ES2709510T3 - Guard rail assembly, frangible support post for a guardrail and methods for assembly and use - Google Patents

Guard rail assembly, frangible support post for a guardrail and methods for assembly and use Download PDF

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Publication number
ES2709510T3
ES2709510T3 ES10759191T ES10759191T ES2709510T3 ES 2709510 T3 ES2709510 T3 ES 2709510T3 ES 10759191 T ES10759191 T ES 10759191T ES 10759191 T ES10759191 T ES 10759191T ES 2709510 T3 ES2709510 T3 ES 2709510T3
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Spain
Prior art keywords
rail
impact
post
deformation
guardrail
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Active
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ES10759191T
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Spanish (es)
Inventor
Patrick Leonhardt
Barry Stephens
Michael Buehler
Brent Sindorf
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Energy Absorption Systems Inc
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Energy Absorption Systems Inc
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Publication date
Priority to US21152209P priority Critical
Priority to US23628709P priority
Priority to US12/629,381 priority patent/US8215619B2/en
Application filed by Energy Absorption Systems Inc filed Critical Energy Absorption Systems Inc
Priority to PCT/US2010/027331 priority patent/WO2010114693A1/en
Application granted granted Critical
Publication of ES2709510T3 publication Critical patent/ES2709510T3/en
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Classifications

    • EFIXED CONSTRUCTIONS
    • E01CONSTRUCTION OF ROADS, RAILWAYS, OR BRIDGES
    • E01FADDITIONAL WORK, SUCH AS EQUIPPING ROADS OR THE CONSTRUCTION OF PLATFORMS, HELICOPTER LANDING STAGES, SIGNS, SNOW FENCES, OR THE LIKE
    • E01F15/00Safety arrangements for slowing, redirecting or stopping errant vehicles, e.g. guard posts or bollards; Arrangements for reducing damage to roadside structures due to vehicular impact
    • E01F15/02Continuous barriers extending along roads or between traffic lanes
    • E01F15/04Continuous barriers extending along roads or between traffic lanes essentially made of longitudinal beams or rigid strips supported above ground at spaced points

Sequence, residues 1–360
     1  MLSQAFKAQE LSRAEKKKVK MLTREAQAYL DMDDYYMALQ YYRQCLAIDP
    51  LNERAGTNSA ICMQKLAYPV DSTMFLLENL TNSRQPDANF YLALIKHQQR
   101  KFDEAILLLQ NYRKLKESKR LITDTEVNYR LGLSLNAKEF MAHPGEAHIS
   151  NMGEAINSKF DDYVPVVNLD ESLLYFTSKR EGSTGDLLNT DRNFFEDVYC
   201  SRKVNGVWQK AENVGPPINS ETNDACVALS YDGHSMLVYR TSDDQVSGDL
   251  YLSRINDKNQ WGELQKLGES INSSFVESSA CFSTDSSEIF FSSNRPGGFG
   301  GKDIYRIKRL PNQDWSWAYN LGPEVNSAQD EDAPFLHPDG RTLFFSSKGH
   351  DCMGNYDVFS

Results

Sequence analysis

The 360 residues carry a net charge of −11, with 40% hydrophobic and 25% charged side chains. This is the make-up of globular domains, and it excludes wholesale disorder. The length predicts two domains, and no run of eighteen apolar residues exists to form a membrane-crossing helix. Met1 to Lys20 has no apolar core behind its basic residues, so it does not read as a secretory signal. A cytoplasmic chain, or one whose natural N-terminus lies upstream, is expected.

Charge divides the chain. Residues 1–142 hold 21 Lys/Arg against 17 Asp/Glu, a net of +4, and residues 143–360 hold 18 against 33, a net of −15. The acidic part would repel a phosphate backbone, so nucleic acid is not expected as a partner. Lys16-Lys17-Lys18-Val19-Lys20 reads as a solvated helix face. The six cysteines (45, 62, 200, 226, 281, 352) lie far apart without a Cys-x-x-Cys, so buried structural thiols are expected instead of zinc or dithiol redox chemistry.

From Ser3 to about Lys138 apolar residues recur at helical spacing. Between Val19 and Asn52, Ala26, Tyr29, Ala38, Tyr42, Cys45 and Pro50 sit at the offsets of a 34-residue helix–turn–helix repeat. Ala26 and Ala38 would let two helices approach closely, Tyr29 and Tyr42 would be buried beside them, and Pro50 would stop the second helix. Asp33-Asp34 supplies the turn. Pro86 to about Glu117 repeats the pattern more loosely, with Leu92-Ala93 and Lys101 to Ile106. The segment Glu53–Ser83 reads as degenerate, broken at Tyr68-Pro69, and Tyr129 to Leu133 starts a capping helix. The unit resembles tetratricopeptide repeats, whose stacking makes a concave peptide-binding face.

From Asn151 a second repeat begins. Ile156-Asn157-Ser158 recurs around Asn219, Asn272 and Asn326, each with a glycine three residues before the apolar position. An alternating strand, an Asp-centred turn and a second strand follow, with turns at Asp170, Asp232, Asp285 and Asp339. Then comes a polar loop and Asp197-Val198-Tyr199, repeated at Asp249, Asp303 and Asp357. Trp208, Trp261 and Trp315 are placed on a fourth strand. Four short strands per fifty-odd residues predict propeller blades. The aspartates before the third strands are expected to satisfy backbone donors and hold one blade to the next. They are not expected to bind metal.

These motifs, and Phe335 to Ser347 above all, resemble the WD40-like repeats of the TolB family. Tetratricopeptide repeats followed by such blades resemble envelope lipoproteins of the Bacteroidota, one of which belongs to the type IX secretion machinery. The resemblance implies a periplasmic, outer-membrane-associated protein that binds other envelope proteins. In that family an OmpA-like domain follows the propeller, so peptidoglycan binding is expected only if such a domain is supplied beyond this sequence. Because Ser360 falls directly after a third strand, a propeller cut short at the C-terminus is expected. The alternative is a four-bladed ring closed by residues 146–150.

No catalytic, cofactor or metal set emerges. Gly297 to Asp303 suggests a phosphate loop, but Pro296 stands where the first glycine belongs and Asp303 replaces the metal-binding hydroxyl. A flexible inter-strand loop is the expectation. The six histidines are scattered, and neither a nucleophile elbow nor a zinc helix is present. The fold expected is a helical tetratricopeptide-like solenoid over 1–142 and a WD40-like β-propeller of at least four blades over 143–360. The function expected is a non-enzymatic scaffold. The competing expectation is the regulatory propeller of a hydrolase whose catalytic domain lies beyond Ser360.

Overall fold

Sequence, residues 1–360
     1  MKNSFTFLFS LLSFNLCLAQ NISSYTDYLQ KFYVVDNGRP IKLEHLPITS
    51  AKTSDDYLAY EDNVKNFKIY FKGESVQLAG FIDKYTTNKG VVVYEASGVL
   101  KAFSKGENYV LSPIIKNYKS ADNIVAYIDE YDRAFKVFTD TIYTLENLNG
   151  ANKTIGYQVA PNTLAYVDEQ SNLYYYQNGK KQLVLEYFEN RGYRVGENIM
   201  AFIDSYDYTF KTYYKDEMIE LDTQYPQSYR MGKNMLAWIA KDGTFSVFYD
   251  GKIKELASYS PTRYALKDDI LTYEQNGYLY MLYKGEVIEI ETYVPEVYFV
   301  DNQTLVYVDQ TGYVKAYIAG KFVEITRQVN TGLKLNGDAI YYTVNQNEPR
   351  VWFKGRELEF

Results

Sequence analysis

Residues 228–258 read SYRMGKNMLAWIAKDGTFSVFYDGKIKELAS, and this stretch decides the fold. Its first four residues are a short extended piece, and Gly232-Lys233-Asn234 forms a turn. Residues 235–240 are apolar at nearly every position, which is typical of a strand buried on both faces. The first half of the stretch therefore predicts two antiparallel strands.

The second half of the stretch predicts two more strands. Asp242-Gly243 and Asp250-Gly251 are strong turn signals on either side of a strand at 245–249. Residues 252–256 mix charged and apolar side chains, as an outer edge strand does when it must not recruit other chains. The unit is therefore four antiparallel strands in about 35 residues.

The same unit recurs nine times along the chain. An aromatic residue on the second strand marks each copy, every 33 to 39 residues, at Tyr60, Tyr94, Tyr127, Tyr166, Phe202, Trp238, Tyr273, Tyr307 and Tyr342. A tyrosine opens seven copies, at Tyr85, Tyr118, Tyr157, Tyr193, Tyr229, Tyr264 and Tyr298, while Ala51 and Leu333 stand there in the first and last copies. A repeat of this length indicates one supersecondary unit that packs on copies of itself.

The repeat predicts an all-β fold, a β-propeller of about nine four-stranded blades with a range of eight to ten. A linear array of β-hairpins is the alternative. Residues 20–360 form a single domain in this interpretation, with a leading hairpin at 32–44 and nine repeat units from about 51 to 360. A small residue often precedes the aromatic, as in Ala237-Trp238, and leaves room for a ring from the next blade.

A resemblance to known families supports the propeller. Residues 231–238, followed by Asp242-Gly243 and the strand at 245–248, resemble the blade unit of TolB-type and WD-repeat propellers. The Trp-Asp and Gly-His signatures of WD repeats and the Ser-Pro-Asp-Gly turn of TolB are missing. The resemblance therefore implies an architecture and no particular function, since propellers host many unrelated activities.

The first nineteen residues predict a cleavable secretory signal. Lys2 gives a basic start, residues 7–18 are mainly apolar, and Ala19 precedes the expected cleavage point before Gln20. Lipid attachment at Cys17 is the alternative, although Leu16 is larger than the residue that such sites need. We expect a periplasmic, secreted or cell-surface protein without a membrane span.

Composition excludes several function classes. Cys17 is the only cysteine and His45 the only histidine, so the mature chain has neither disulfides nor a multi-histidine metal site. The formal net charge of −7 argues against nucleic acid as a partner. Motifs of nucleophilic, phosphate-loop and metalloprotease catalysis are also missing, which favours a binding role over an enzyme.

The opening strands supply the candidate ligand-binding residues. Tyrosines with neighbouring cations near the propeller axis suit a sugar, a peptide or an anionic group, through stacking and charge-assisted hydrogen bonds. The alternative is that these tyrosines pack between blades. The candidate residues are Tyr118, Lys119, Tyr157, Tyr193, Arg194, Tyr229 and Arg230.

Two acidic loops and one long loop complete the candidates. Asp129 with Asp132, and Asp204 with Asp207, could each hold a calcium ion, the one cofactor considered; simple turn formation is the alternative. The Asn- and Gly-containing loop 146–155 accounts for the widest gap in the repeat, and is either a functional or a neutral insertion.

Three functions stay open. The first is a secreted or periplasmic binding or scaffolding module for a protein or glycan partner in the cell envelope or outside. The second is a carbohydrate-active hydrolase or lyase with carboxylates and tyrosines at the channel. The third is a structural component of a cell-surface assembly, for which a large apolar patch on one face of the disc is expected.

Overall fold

• E01F15/0461Supports, e.g. posts
    • EFIXED CONSTRUCTIONS
    • E01CONSTRUCTION OF ROADS, RAILWAYS, OR BRIDGES
    • E01FADDITIONAL WORK, SUCH AS EQUIPPING ROADS OR THE CONSTRUCTION OF PLATFORMS, HELICOPTER LANDING STAGES, SIGNS, SNOW FENCES, OR THE LIKE
    • E01F15/00Safety arrangements for slowing, redirecting or stopping errant vehicles, e.g. guard posts or bollards; Arrangements for reducing damage to roadside structures due to vehicular impact
    • E01F15/02Continuous barriers extending along roads or between traffic lanes
    • E01F15/025Combinations of at least two of the barrier member types covered by E01F15/04 - E01F15/08, e.g. rolled steel section or plastic strip backed up by cable, safety kerb topped by rail barrier
    • EFIXED CONSTRUCTIONS
    • E01CONSTRUCTION OF ROADS, RAILWAYS, OR BRIDGES
    • E01FADDITIONAL WORK, SUCH AS EQUIPPING ROADS OR THE CONSTRUCTION OF PLATFORMS, HELICOPTER LANDING STAGES, SIGNS, SNOW FENCES, OR THE LIKE
    • E01F15/00Safety arrangements for slowing, redirecting or stopping errant vehicles, e.g. guard posts or bollards; Arrangements for reducing damage to roadside structures due to vehicular impact
    • E01F15/02Continuous barriers extending along roads or between traffic lanes
    • E01F15/04Continuous barriers extending along roads or between traffic lanes essentially made of longitudinal beams or rigid strips supported above ground at spaced points
    • E01F15/0407Metal rails
    • E01F15/0423Details of rails
    • EFIXED CONSTRUCTIONS
    • E01CONSTRUCTION OF ROADS, RAILWAYS, OR BRIDGES
    • E01FADDITIONAL WORK, SUCH AS EQUIPPING ROADS OR THE CONSTRUCTION OF PLATFORMS, HELICOPTER LANDING STAGES, SIGNS, SNOW FENCES, OR THE LIKE
    • E01F15/00Safety arrangements for slowing, redirecting or stopping errant vehicles, e.g. guard posts or bollards; Arrangements for reducing damage to roadside structures due to vehicular impact